A contender for most disappointing game, Persona 5 makes an incredible first impression through amazing music and presentation that oozes style. However as the game goes on, the flaws become more apparent: companions are shallow with only a couple being interesting at all; dungeon design goes from being quite cool to utterly abysmal; and, worst of all, the translation into English is garbage, robbing a lot of the dialogue of any charm it may have originally possessed.
Persona 5 is still a good game, but it pales in comparison to Persona 4 on every level except the presentation, which is a real damn shame.
9. Horizon: Zero Dawn (PS4)
I’m not a big open world guy, but Horizon managed to capture my attention through a combination of a really well-realised setting and an excellent protagonist. The story moved well, and the gameplay was pretty satisfying and presented a nice challenge. Horizon was an entertaining and extremely pretty game and I look forward to seeing where the inevitable sequel goes.
8. Sonic Mania (PS4)
I grew up as a Sega kid and Sonics 1 through & Knuckles hold a special place in my heart. Mania represents a return to form for Sonic games after literally decades of utter shit, and was a great and surprisingly challenging nostalgia trip.
7. XCOM 2: War of the Chosen / Long War 2 (PC)
I’m going to cheat here and use place two major pieces of content for XCOM2 under the same heading.
Long War 2 is a massive mod that fundamentally alters the way XCOM2 plays, adding in a tonne of new content and complexity that makes the fun but flawed original game substantially more interesting, not to mention challenging.
War of the Chosen is a massive official expansion that fundamentally alters the way XCOM2 plays, adding in a tonne of new content and complexity that makes the fun but flawed original game substantially more interesting, not to mention challenging.
Of the two, LW2 was definitely the more complex and interesting, but I really liked the additions that War of the Chosen made. It’s a real shame that it seems the the two expansions will never be truly integrated with each other.
6. Hand of Fate 2 (PC)
Hand of Fate 1 was a great concept, combining rogue-like facets with a mix of collectable card game, RPG, and arena combat. Hand of Fate 2 expands and improves on this in every way and is a fantastic game to sit down with for a half hour burst or for several hours as you try to conquer the various challenges. Even losing doesn’t feel too bad, as every run will see you unlocking new cards to ensure that things go differently next time.
5. Pyre (PC)
SuperGiant continues to hit it out of the park by creating weird genre mixes and adding in their unique style. Similar to Persona 5, Pyre has a unique and gorgeous graphical style, matched by incredibly good music by Darren Korb. Unlike Persona, however, the writing is as good as the presentation. The gameplay is no slouch either, mixing visual novel aspects with a surprisingly deep religious rite version of basketball…kind of? It’s hard to explain, but Pyre is definitely worth dipping into and finding out first hand.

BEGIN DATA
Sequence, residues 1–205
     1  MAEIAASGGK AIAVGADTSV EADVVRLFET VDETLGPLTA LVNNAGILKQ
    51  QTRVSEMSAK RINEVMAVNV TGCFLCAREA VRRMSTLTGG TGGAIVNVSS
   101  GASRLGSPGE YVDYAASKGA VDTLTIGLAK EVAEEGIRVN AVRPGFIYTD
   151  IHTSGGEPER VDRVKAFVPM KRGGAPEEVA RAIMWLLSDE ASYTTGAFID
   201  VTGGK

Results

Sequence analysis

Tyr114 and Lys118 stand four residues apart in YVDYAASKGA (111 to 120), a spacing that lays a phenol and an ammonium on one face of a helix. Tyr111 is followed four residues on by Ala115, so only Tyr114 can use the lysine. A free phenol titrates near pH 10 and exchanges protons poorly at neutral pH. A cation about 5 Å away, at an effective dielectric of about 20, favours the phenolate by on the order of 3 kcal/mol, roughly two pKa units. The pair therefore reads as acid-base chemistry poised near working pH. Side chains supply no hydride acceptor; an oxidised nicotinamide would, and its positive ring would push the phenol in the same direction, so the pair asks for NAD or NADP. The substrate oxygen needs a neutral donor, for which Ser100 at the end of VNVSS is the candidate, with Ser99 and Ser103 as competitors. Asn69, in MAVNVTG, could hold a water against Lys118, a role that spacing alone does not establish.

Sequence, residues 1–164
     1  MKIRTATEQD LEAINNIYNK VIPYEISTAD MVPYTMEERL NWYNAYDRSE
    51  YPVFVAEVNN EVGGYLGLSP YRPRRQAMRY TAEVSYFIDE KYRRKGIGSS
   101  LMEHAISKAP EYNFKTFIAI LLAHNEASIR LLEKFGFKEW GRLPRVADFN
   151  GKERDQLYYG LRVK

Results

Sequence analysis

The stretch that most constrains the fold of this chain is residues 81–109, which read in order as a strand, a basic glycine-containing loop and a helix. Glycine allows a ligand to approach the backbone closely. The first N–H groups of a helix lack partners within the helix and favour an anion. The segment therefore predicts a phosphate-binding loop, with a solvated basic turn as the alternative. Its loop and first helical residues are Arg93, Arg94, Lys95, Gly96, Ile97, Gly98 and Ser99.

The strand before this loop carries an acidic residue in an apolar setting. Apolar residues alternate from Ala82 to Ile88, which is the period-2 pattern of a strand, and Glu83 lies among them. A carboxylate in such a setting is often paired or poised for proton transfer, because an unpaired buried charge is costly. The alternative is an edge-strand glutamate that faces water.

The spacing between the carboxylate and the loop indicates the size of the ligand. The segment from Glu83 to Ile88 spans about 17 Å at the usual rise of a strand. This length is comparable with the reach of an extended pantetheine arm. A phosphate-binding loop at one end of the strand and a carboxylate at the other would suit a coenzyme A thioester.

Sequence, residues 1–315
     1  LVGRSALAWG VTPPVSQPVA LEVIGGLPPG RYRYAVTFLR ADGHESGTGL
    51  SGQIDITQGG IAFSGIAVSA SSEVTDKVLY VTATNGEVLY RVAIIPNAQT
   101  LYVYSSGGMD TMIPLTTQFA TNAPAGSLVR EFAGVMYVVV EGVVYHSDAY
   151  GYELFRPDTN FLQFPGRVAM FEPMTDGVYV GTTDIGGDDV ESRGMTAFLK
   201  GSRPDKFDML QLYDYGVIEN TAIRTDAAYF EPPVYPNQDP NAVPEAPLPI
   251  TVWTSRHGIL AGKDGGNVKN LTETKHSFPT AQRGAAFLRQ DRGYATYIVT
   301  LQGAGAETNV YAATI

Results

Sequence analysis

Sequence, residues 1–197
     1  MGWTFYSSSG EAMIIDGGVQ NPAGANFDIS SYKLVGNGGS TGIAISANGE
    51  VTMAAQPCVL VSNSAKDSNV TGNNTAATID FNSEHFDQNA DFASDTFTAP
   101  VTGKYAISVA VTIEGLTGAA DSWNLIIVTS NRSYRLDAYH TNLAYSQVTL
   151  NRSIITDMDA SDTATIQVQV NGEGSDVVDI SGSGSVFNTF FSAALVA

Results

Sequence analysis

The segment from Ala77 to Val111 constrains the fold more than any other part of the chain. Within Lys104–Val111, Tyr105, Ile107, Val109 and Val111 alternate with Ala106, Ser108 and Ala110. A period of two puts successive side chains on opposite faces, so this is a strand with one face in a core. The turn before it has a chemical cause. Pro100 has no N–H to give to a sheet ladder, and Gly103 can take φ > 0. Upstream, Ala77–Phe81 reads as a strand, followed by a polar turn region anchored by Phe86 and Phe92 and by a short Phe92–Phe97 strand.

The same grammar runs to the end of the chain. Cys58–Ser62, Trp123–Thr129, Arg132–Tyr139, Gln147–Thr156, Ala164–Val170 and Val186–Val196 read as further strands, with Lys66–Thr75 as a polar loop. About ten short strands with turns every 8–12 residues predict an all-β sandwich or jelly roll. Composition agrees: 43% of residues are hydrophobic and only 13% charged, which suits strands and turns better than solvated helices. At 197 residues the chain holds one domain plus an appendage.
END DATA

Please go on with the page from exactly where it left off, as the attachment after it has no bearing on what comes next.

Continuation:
4. Super Mario Odyssey (Switch)
This game was worth buying a Switch for.
Super Mario Odyssey plays the way you remember Mario 64 playing, and combines the best parts of that game (and mediocre sequel Sunshine) with bits and pieces of the rest of the franchise, and then tops it off with a bunch of changes and that Nintendo polish to make what is easily the best 3D Mario game. The possession mechanic is heaps of fun, the worlds are all unique and mostly interesting, and the game oozes charm.
3. Wolfenstein II: The New Colossus (PC)
Wolfenstein: The New Order was an amazing game and the sequel continues literally minutes from where the first left off, leaving the fight against the world-conquering Nazis behind in Europe to instead take the fight to an America that has capitulated and collaborated. What follows is a game that is both surprisingly emotional and, sadly enough in these times, rather cathartic in unabashedly portraying Nazis as evil and worth fighting against.
Thankfully, Wolfenstein II has the chops to let you mangle Nazis with dual shotguns while also just-about-perfectly walking the line between poignant examination of how American society could embrace Nazism and an absurd, darkly humourous alt-history 1960s where the Nazis won and built a space station on Venus.
2. PLAYERUNKNOWN’S BATTLEGROUNDS (PC)
Mr Unknown loves his all-caps apparently.
What is there to say about PUBG, really? The game is a phenomenon that does nothing original, instead cribbing parts from a bunch of older games and mods (ARMA, DayZ, etc). What it does do is put those disparate influences together pretty much perfectly. Everything in PUBG feels just right – the maps are incredibly well designed and memorable, the guns feel good to shoot, the vehicles are just the right type of shitty, and the game covers everything from horror game in Solo as you know you’re being stalked by someone, through to a fun hang out with a group of friends in Squad. You can take it as seriously or as lackadaisically as you like, and no matter what you’ll have fun.
No multiplayer FPS has grabbed me like this since probably Team Fortress 2. I’ve put hundreds of hours in already, and I’ll be putting in hundreds more getting murdered with my crew.
1. Yakuza 0 (PS4)
Like many Westerners, I’d heard about the Yakuza series over the years, but had never imagined playing one. That all changed when Giant Bomb began playing through Yakuza 0 in their excellent Beast in the East series.
It took me maybe three episodes before I decided to buy the game and I am so happy that I did. Yakuza 0 is simply incredible. It tells a fantastic crime story, has a great combat system, and there’s so much to do that it kept me going for more than 30 hours.
Yakuza 0 isn’t just my game of the year for 2017 – it’s legitimately one of the best games I’ve ever played, and is the reason I’ve picked up Kiwami, will be picking up Kiwami 2 and Yakuza 6, and will continue to play each new remake and original game.